By @SimonCocking.  African startup insights with Perseus Mlambo Founder and CEO @Zazu_Africa.

What’s your background?

I read Law and Psychology at Nottingham before undertaking a Masters in Social Work at Leeds. I was lucky enough to work in El Salvador on a DfID project working alongside farmers addressing environmental issues affecting their livelihoods. So I would have to say I am from a social sciences background, seeing the world for its imperfections and realizing the untapped potential in all of us to change a small aspect of that.

How did you get to where you are now?

I did some work with the UN, the Refugee Agency some time back. What fascinated me, even though I was working alongside smart people, there were so many inefficiencies which are in some part, synonymous with criticisms of the UN. And these inefficiencies were later personified when I was again working with smallholder farmers in Zimbabwe. As a company, we got to where we are by asking ‘why’ to why these inefficiencies exist and what we could do to at least reduce them. Attempting to answer us, drove us to build a product people would not only use, but find value in. We are also grateful and privileged to have mentors and advisors who hold us accountable to our vision.

In all honesty, we got to where we are by sheer determination from the team. The amount of man hours spent researching, building and talking to customers is unlike anything we have all done before.

zazu

Zazu – the 1 minute pitch?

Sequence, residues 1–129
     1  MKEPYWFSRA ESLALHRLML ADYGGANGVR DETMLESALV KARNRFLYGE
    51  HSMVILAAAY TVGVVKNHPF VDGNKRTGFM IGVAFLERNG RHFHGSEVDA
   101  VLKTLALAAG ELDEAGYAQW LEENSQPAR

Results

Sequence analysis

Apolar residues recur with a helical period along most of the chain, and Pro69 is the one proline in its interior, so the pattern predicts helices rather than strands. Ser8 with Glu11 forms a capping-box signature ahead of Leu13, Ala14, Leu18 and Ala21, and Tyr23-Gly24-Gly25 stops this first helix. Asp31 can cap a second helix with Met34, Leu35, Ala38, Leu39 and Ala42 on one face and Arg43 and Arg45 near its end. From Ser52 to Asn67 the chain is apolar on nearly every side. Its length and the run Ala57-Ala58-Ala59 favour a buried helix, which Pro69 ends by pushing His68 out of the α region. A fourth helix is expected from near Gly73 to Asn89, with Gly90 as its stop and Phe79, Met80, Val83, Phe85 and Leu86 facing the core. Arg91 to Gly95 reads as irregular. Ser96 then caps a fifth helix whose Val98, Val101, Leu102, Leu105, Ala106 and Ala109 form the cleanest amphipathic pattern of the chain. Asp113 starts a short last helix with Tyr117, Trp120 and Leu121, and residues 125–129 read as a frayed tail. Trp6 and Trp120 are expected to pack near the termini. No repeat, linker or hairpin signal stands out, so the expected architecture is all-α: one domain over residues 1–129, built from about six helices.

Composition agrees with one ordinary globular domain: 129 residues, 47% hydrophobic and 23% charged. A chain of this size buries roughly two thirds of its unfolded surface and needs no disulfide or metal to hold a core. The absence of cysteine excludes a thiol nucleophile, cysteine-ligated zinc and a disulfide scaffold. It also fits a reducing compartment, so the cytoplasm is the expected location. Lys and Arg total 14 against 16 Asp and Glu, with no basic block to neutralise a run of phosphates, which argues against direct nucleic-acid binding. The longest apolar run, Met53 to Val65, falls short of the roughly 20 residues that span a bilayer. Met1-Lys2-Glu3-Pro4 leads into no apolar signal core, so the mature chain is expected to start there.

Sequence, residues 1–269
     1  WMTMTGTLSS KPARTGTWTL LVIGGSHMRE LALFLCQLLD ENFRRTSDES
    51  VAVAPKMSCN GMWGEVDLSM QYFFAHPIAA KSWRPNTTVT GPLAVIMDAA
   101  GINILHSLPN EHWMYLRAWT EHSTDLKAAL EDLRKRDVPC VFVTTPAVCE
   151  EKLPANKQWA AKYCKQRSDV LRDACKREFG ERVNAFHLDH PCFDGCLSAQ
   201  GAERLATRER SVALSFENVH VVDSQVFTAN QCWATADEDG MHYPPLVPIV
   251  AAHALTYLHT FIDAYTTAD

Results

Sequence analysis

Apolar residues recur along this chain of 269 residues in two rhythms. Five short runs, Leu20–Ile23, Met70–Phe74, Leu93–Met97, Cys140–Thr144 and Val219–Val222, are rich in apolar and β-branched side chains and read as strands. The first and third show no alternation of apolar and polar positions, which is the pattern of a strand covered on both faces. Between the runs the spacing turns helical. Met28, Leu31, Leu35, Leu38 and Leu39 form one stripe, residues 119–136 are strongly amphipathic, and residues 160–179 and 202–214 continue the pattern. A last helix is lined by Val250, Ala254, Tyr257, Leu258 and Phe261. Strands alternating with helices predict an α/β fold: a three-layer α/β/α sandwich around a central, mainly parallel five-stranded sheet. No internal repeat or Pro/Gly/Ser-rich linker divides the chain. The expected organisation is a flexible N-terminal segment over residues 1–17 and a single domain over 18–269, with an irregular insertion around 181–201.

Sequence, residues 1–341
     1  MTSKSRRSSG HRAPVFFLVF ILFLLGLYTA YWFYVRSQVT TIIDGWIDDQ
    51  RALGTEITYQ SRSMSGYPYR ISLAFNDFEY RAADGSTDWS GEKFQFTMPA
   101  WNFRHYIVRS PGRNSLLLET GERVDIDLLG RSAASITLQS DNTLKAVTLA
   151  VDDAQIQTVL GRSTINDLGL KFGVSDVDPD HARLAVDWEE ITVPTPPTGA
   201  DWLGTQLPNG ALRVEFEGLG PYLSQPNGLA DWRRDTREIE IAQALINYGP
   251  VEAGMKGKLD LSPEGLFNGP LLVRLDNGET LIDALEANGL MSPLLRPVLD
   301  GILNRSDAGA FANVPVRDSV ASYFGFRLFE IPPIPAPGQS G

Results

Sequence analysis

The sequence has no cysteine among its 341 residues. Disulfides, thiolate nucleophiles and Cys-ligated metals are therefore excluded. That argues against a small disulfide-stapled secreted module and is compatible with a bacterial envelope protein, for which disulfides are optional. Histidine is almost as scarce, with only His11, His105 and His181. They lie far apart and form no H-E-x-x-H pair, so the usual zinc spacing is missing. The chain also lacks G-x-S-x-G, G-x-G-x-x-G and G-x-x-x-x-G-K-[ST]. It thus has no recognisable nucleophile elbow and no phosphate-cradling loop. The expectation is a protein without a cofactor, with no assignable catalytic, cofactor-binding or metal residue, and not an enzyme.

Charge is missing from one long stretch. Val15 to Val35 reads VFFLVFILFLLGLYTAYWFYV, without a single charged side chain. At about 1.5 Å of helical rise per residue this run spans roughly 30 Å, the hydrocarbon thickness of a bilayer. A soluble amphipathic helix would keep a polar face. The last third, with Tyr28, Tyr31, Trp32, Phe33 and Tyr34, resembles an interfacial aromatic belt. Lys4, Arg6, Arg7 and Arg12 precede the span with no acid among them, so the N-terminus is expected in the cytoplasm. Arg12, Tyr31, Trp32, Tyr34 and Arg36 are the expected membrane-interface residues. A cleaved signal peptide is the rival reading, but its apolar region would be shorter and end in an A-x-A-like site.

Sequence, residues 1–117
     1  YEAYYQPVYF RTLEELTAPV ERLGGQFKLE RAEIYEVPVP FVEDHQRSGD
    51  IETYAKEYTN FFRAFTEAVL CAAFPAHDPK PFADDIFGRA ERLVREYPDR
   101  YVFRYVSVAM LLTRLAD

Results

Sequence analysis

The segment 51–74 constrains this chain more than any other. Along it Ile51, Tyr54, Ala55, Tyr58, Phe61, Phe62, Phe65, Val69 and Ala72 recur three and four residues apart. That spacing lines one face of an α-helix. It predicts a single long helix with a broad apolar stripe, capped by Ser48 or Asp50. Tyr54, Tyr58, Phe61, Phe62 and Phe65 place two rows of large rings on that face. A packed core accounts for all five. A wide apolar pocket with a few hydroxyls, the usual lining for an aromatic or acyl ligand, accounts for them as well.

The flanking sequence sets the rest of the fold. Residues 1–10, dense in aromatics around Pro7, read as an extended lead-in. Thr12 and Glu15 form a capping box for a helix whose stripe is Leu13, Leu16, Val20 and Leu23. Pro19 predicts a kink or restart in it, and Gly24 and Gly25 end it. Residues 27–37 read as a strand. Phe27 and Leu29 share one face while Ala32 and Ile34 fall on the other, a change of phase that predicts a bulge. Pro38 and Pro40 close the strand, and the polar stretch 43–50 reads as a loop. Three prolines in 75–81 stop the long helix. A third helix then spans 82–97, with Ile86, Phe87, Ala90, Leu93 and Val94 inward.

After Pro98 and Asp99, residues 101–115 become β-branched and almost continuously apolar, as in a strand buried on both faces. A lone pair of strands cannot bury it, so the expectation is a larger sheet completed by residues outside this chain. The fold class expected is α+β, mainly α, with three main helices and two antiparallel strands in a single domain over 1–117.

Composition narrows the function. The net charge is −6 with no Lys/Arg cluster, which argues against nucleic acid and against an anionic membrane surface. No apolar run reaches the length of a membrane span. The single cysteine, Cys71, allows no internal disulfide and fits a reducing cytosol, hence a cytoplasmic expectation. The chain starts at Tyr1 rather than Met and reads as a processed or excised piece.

A digital marketplace connecting farmers to profitable markets. By connecting farmers and supporting them with logistics, they are able to increase an average of 20% in revenue and buyers save 35% per transaction.

What’s a typical day like for you?

We have a very distributed team, our CTO is in England and we are in South Africa, with a presence in Zimbabwe. So we have all become experts at using WhatsApp for work purposes (not Slack) and in the morning, I will spend 30mins understanding what’s happened in Zim. I will then get out of bed at 7am to check for the latest beefs on Twitter and post some annoying gifs. The morning commute from my house to work takes me past some scenic views of Table Mountain in Cape Town and of course, the sea side. So everyday Mother Nature serves me a piece of humble pie which leaves me feeling very lucky to be here and to be witnessing such awesome forces of nature. And that honestly fuels me for the day.

I will then have a sit down with our Ops Team to talk about the day forward. And then that is followed with a chat with our tech team. I will then jump on the calls to hunt for clients and schedule meetings.

Evenings I always spend looking at the important emails that need to be actioned, and the one to one calls I ought to, but I’m bit perturbed by.

And then on the way home after questioning whether I am really the guy to take Zazu global, I can see Robben Island and suddenly those feelings of inadequacy turn into feelings of guilt for being a crybaby. And before you know it, self motivation. The next day its Live. Experience. Repeat. But of course you know that as a start-up, no 2 days are the same.

London, Zim, SA, that’s a diverse collection (similar time zone) how do you balance it all? How do you manage the diverse interests / or are they interconnected?

Well as I said earlier, in addition to being a tech enabled business, we have a very distributed team. Even if I had not been a team leader on various projects beforehand, I think I would have been OK in this role. Simply because so little of my time is spent motivating or leading. I’m often playing catchup with my team because they all know their s***! But inevitably, being a distributed team brings its own challenges which are very often, about people. Luckily, I am very curious about people, chalk it down to being the eldest in a very big family, or having read Psychology.